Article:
Anonymous said...

One quibble: "Alice Shannon"'s letter to Kenai Peninsula Clarion was revealed as a hoax

I think you're rather gullible. How do you know that the second letter, claiming the first was a hoax, wasn't a hoax? The Clarion claims "Numerous attempts to contact Ms. Shannon proved the letter was a hoax", but attempts to contact someone, no matter how numerous, can't prove any such thing, they can at best provide supporting evidence.

It may well have been a hoax, but it still reflects the views of George Bush Sr. and many other Americans, and I think that, if OSC had seen it, he would have thought something like "I wouldn't go so far, but I admire her passion and spunk".

normdoering said...

Over on Mr. Card's BeliefNet screed there's a commentor, calling themselves Anon, lashing out with this kind of crap:

You are clearly intolerant of my opinion. You are clearly intolerant of a lifestyle that includes the rejection of atheism. And, as much as we can tell about Mr. Card, we can also tell that you are intolerant of identities (people who reject atheism) differing from your own.

Now--you may reject the second two, because "we don't know you." But they are as easily rejected of Mr. Card, because we don't know him. Your statements are excessively judgmental, so you can't criticize me or Card for making judgmental statements. The first item you obviously cannot reject. You explicitly state your intolerance.


Good grief -- I'm intolerant of that jerk's ignorant opinion. Fuck tolerance.

I'm not even in the mood to read his shit yet, so if anyone wants to read it and pile on, be my guest.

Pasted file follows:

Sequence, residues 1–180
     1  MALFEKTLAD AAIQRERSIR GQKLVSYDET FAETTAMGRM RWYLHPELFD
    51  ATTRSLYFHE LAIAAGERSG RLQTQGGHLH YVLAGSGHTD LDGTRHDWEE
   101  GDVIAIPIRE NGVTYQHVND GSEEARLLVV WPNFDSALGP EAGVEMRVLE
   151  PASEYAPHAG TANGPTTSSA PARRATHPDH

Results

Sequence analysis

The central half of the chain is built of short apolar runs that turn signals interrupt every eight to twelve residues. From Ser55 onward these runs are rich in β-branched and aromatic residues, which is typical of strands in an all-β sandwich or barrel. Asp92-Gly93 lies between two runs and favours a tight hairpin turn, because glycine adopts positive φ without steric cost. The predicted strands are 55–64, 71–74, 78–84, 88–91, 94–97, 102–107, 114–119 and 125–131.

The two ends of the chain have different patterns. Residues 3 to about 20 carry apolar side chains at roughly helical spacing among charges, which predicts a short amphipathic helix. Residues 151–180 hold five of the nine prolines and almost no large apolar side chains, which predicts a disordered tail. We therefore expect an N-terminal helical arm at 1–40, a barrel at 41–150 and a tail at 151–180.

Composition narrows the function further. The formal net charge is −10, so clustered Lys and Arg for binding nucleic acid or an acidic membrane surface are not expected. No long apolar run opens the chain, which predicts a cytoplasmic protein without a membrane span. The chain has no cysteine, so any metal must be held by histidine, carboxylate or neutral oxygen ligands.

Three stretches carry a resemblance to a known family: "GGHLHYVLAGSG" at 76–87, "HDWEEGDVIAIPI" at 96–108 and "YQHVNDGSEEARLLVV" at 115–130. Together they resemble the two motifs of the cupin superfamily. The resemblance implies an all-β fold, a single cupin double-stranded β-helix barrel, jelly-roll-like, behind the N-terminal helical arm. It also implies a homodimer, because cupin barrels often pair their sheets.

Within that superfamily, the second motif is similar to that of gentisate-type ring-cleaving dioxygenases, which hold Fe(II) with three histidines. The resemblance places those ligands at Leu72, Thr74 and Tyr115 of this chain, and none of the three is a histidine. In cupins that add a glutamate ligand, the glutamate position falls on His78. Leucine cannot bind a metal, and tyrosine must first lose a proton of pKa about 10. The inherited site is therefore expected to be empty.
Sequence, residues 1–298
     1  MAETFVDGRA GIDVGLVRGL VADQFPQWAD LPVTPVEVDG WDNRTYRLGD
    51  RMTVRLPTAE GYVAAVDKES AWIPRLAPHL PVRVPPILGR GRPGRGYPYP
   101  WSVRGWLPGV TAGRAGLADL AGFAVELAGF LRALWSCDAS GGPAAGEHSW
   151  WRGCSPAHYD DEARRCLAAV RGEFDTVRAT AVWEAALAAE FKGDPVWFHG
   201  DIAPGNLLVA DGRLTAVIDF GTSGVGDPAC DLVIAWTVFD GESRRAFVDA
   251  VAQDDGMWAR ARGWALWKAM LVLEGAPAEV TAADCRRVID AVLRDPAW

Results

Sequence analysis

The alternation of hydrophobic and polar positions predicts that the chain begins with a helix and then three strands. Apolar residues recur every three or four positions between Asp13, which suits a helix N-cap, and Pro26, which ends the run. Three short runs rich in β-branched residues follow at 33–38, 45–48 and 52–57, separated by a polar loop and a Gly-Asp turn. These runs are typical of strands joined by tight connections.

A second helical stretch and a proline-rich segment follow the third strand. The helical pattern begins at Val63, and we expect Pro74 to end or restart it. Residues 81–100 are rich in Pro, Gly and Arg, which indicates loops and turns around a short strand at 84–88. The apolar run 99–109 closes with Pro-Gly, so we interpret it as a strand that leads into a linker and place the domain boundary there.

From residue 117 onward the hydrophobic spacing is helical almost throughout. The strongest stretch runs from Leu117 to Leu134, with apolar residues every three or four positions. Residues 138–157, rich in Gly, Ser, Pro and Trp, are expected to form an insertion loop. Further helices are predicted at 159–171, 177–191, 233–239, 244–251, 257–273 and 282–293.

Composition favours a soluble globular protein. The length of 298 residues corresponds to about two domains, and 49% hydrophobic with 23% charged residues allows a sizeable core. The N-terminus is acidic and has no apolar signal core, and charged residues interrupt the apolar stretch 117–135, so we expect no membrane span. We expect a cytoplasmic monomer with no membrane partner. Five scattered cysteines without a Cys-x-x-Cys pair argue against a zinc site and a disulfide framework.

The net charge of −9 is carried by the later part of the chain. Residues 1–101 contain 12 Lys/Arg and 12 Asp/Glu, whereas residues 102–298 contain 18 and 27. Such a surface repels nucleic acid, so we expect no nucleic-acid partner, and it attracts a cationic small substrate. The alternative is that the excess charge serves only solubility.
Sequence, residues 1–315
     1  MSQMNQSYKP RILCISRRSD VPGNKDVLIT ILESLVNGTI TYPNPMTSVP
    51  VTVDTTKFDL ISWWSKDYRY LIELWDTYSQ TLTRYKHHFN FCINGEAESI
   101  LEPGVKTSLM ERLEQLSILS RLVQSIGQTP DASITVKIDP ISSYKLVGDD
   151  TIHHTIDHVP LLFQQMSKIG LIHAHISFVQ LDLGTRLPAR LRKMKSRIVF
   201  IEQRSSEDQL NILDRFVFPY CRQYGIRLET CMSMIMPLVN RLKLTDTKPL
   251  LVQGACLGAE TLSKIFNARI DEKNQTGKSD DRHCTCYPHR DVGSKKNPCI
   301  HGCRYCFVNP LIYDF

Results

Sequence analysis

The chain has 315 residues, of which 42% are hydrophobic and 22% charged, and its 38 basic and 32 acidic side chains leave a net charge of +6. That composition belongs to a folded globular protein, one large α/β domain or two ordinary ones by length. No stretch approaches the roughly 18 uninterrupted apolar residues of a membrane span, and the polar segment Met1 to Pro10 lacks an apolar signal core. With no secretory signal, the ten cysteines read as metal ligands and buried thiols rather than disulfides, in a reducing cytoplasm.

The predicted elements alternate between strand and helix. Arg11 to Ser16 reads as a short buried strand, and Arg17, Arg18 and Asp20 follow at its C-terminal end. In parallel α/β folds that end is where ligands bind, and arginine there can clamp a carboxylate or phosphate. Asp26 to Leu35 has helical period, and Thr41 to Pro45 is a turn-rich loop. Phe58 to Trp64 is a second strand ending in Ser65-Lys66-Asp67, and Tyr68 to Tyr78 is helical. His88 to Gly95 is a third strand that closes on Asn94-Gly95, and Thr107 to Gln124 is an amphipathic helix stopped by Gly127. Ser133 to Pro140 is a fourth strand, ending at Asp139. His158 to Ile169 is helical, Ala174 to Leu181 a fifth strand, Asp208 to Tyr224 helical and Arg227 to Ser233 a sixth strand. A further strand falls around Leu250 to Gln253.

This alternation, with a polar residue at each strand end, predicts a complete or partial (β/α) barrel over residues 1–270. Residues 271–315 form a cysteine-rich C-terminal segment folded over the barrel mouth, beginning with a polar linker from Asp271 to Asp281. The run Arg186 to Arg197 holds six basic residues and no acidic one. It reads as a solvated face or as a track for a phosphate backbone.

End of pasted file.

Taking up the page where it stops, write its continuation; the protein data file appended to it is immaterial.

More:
The Barefoot Bum said...

Anon: You appear to understand neither evidentiary arguments nor the definition of "gullible".

Evidentiary argument never "prove" anything, for or against, at least by deductive standards of proof. All a skeptical person can do is evaluate the evidence and come to the the most probably explanation.

At the very least, the Shannon letter is not sufficiently well-evidenced to itself serve as evidence for the conclusions of Norm's essay. Furthermore, the reaction to Shannon's letter, as reported by the newspaper via the Whore (herself a reliable source) show that the ideas expressed in the letter—sincere or not—were not typical, at least of that newspaper's readership: The letter garnered overwhelmingly negative commentary.

I think Norm has sufficient evidence to support his thesis, but skeptical analysis cannot allow the admission of Shannon's letter as sufficiently veridical to serve itself as evidence for any other thesis.

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Anonymous said...

Funnily enough you only contest that athiests are strong. Perhaps what Christians see is athiests love seperation of church and state. Fine.

They also see a socialist movement for larger and larger governmental involvement in society. If government expands and government silences religion, then the natural conclusion is "athiests want to silence religious people."

If athiests want to undue this effect (true or untrue), they must advocate less governmental expansion.

Anonymous said...

OSC has proven himself to be a lover of the authortarian mindset. I guess he decided to join those for whom 9/11 became their call to go batshit crazy.

Sad...

jason said...